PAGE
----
I'm sorry that I myself, lean mean jogging John Esposito, have had no time to read any of these people, and until now have had not the slightest inclination to recommend them, or make any of these scholars known to my colleagues, to my students, or to those I advise in the corridors of power (and did I tell you that during the Clinton Administration I was very much on call, my expertise constantly sought?).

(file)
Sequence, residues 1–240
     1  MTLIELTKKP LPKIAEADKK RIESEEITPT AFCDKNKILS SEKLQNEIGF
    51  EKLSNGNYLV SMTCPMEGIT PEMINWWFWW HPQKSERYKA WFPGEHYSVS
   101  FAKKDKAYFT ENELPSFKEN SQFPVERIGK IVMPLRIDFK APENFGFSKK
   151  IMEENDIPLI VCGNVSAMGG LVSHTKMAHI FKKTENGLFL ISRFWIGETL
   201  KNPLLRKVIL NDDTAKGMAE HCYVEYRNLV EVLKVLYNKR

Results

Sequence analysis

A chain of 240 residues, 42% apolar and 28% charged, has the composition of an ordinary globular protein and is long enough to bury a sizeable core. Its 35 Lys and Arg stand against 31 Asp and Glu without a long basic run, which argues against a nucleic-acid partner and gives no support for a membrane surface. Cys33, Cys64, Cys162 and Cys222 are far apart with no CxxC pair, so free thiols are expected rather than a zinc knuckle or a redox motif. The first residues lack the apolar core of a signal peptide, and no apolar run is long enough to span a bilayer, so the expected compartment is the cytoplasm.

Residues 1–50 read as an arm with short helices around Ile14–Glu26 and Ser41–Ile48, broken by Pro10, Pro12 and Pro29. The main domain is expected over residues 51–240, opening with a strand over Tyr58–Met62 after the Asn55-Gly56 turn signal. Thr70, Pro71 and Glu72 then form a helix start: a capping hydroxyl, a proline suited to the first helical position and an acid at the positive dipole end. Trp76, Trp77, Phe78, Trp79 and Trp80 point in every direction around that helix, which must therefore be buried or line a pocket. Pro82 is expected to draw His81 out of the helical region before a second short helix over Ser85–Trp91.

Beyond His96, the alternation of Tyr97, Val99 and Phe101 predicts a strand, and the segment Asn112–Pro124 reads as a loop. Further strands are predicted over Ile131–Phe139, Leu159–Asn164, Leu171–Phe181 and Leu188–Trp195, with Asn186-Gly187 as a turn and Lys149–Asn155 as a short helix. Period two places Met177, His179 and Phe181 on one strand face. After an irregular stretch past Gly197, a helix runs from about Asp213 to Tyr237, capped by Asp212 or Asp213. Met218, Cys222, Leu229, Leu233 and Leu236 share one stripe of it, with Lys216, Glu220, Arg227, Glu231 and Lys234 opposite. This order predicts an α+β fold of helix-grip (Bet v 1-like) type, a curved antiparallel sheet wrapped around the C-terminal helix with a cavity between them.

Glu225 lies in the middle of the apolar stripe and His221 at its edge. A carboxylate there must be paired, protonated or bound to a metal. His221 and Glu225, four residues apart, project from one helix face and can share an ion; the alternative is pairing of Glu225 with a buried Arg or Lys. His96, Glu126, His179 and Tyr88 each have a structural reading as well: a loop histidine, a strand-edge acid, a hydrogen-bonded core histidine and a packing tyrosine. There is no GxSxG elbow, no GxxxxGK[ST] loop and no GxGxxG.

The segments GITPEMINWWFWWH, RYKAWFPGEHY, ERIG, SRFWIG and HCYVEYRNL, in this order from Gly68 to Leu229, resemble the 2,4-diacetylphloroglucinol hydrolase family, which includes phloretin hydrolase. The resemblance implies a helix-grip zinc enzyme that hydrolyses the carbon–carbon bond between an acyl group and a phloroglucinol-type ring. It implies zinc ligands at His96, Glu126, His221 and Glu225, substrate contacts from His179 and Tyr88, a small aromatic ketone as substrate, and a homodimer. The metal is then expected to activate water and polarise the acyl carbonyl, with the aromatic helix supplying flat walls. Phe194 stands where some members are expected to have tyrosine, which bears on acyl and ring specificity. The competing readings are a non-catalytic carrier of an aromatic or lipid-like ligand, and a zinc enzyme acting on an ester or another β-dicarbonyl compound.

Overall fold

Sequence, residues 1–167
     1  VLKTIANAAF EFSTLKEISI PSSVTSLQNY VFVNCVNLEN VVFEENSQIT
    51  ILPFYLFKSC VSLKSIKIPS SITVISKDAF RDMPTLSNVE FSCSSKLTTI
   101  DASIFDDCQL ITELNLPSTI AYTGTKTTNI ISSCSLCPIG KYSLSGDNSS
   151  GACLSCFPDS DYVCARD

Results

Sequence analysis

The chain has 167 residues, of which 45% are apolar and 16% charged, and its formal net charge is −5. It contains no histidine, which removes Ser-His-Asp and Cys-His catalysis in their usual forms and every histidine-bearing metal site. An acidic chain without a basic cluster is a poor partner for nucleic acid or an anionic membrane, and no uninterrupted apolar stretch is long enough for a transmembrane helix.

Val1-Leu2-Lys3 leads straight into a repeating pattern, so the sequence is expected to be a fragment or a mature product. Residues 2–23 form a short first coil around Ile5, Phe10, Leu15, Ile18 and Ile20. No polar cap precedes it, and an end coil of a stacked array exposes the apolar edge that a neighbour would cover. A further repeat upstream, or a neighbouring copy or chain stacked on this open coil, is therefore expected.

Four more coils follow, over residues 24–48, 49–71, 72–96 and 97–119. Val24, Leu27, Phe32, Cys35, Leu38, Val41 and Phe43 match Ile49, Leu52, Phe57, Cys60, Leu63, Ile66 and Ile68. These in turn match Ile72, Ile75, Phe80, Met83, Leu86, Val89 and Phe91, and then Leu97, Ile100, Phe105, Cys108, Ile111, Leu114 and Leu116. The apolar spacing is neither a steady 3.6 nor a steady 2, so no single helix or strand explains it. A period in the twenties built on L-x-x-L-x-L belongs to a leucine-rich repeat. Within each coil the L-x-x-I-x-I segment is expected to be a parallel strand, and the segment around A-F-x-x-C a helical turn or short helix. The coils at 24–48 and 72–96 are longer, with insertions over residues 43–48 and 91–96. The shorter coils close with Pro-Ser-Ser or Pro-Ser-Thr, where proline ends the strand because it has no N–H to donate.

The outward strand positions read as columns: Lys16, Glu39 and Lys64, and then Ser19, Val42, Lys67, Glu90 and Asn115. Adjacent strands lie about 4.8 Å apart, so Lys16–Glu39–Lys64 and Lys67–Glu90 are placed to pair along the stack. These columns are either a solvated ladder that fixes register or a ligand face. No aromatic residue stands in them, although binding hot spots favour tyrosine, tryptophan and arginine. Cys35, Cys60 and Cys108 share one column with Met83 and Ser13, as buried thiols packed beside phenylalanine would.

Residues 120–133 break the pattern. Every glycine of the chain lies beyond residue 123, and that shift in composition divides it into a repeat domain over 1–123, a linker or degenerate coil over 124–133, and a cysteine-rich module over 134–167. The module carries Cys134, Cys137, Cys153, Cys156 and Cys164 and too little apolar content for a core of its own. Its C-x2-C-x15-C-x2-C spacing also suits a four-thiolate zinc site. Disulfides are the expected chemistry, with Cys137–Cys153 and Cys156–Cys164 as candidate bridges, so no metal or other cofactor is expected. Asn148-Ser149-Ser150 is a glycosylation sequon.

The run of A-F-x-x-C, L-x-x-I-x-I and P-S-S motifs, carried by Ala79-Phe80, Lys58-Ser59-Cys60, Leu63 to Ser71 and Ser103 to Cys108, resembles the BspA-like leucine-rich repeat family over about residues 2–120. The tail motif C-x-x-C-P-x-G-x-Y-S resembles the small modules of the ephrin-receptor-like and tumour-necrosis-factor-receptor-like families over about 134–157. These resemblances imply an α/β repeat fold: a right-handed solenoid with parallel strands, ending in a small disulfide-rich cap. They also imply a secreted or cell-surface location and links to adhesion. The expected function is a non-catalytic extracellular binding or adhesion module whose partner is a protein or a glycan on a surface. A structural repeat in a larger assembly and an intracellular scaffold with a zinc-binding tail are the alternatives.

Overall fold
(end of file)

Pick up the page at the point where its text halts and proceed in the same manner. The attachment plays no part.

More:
And the reason, you see, is simply time. I do have my jogging. I do have my development work -- my fund-raising, that takes up so much of my time. For I have a whole crew here at the Center for Muslim-Christian Understanding, and they need to be paid. There is loyal John Voll, and loyal Yvonne Haddad. There are others, the kind of people who will not let our donors down. There are lectures to be given, and possibly a King Abdul Aziz Prize to fatten my future. There is my own salary, my own take -- and I haven't done at all badly, let me tell you. But that's why I haven't been able to get to any of the books I've mentioned, but have been churning out books with such titles as "Islamic Threat: Myth or Reality?" (can you guess from the title what the book might conclude?), and coffee-table stuff, with lots of pictures of tulips and turbans, and the interior of the Blue Mosque looking, as always, positively ravishing. A word of advice for "Islamic scholars" who wish to be as successful as I: make sure you have those books on Islam, even those supposedly scholarly ones, full of pretty pictures -- full of that local-color that fills the reader's mind with thoughts of exotica, and along with the Iznik tiles and that perennial favorite, those painted groups of turbanned Turks, the odd camel will do, but please, listen to me, do go very heavy on what, after all, is the only art form that the Muslim world can offer save for calligraphy, that isn't a patch on what the Chinese and others in the Far East can supply. So put in as many of the mediagenic mosques as you can find -- you can start by consulting, but only on aesthetic matters, Oleg Grabar (but watch out, he's too much of a real scholar to fully trust - just borrow his pictures). Make sure you get in some nice Persian examples, and the Taj Mahal, and the Dome of the Rock, and the Umayyad Mosque, and a few examples from fabulous Bokhara, and the less about Islam, real Islam, that is the texts of Islam, that you put in -- and please, no hint of Antoine Fattal, not a mention of Bat Ye'or, just leave any serious discussion of the meaning of the word "dhimmi" out of your work for as long as you possibly can -- just look at how I have managed to avoid that subject -- but if you must, do it with the old "Umarite Covenant" business. That always gets them. Mention as few of the hundreds of great Western scholars of Islam, in the period 1870-1970, as possible. If they never learn even the names of Henri Lammens, St. Clair Tisdall, Georges Vajda, Charles-Emmanuel Bousquet, Edmond Fagnan, Samuel Zwemer, and others, so much the better. And if any smart young student finds out about them on his own, and dares to mention them, simply invoke the magical phrases "Orientalism" and "Edward Said" and put on a big show of indignation about these "so-called Orientalists," and that will shut him up, and satisfy many of the lemmings in your class. It's always worked for me."